clock menu more-arrow no yes mobile

Filed under:

Derek Watt and Ben Roethlisberger are in desperate need of a formal introduction

One of Matt Canada's first responsibilities as offensive coordinator needs to be formally introducing Ben Roethlisberger to his teammate Derek Watt.

Pittsburgh Steelers v New York Giants Photo by Benjamin Solomon/Getty Images

To say that the Steelers offense last season was highly predictable would be an insult to unimaginative offenses everywhere. The Steelers didn't even bother trying to disguise their intentions. Bring in the heavy package because it was short yardage and the Steelers were bound and determined to run it for a first down. When that failed repeatedly, the Steelers decided they would try to throw the ball to a seldom used component of the aforementioned heavy package who happened to be tackle eligible, with disastrous results.

No worries, the Steelers had other tricks up their proverbial sleeves. How about bringing in another seldom used weapon, one rarely utilized in the base offense, which just so happened to be a diminutive but fast rookie running back. Why not try to throw the ball deep to said running back on 4th and 1 in a pressure packed, season defining moment? Please excuse my sarcasm, but I feel certain you understand my frustration.

These are only a few examples of inexplicable, mind-numbing play calling by the Steelers last season, but there was one particular development that took the cake for yours truly. The Steelers went out and signed TJ Watt's lesser known brother Derek Watt to a free agent contract, then completely forgot that he was even on the roster. Derek was supposed to bring versatility to the fullback position on offense and exceptional experience to the special teams units. He was as advertised on special teams, but beyond invisible on offense.

Just how invisible you may ask pray tell? Based solely on the limited evidence at my disposal from Watt's time spent on the field with Ben Roethlisberger last season, it was apparent that Derek Watt was basically unrecognizable to Roethlisberger; almost to the point that the two men needed to be formally introduced as teammates at some point early in the season. It was so bad actually that I couldn't find a single good picture of the two men together to use with this article. Makes sense seeing how Ben never handed the ball off to Derek Watt a single time during the regular season.

There were multiple occasions where Derek Watt would leak out of the backfield on a route and be wide open, but Roethlisberger never once even looked his way. This unexplainable phenomenon reached it's apex during the Steelers midseason victory over the Jaguars in Jacksonville. Late in the first half, Roethlisberger inexplicably overlooked a wide open Watt for what would have been a sure first down in the red zone, instead choosing to force the ball into the end zone for what turned out to be a interception if memory serves.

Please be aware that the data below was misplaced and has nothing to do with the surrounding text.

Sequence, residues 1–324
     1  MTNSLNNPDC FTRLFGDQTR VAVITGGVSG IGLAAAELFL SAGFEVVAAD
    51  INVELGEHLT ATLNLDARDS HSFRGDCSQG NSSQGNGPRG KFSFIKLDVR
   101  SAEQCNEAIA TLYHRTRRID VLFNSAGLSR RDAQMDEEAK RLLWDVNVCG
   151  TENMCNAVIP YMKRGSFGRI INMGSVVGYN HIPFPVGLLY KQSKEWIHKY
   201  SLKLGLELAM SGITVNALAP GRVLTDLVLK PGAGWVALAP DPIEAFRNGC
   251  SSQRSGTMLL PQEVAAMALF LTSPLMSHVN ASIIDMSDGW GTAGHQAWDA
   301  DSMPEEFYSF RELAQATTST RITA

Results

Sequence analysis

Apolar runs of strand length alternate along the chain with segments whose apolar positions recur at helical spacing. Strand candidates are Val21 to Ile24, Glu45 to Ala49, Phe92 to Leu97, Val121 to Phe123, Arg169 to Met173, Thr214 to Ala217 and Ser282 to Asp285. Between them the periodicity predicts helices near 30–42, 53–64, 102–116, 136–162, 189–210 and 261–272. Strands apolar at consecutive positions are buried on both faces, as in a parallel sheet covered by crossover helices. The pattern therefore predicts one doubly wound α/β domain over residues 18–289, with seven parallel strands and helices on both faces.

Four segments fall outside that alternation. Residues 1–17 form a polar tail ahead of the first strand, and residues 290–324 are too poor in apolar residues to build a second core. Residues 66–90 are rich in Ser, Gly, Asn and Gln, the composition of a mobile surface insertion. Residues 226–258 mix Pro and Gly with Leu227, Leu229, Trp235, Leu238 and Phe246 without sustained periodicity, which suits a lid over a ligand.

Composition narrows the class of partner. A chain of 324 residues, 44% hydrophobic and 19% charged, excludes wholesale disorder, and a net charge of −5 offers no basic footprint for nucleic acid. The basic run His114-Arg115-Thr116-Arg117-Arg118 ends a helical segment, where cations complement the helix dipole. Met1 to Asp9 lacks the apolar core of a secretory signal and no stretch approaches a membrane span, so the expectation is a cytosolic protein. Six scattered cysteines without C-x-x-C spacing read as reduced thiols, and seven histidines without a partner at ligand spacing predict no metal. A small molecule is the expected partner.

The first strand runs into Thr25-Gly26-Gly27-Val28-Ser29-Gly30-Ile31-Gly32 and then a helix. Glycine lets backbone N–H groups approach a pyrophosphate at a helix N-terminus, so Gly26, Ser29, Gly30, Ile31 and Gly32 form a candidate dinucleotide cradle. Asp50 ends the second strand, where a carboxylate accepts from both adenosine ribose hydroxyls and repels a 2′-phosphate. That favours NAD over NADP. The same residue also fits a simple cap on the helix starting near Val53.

The fullback position has never been utilized much during Ben Roethlisberger's career behind center, even prior to Mike Tomlin's tenure as Head Coach. Regardless of the offensive coordinator, the fullback has been utilized as a lead blocker, if at all. That needs to change this season in Pittsburgh, if the Steelers are going to show marked improvement in their running game by fully implementing Matt Canada's offensive creativity.

Nobody is suggesting that Derek Watt needs to become an integral part of the Steelers offense, or that he needs a predetermined number of touches each game. The main objective is that Derek Watt has relevancy in the Steelers offense. Last season the Steelers were far too often playing 10 vs 11 whenever Derek Watt was on the field. He was never used as an offensive weapon, therefore he was an afterthought for opposing defenses. That's like fighting with one hand tied behind your back, and that has to change moving forward.

This season defensive coordinators must be forced to account for Derek Watt and game plan accordingly. He is more than capable of making an impact, besides leading Najee Harris into the hole. He is a moderate threat running the ball in the interior, solid in pass protection, and a reliable receiver with soft hands when called upon.

He appears to have every ability necessary to be a impactful fullback. Based on the frequency with which he found himself wide open last season, I am lead to believe that invisibility is one of Watt's underrated abilities. That is a great ability to have obviously, just not when it comes to your franchise starting QB. Maybe some reflective tape would do the trick.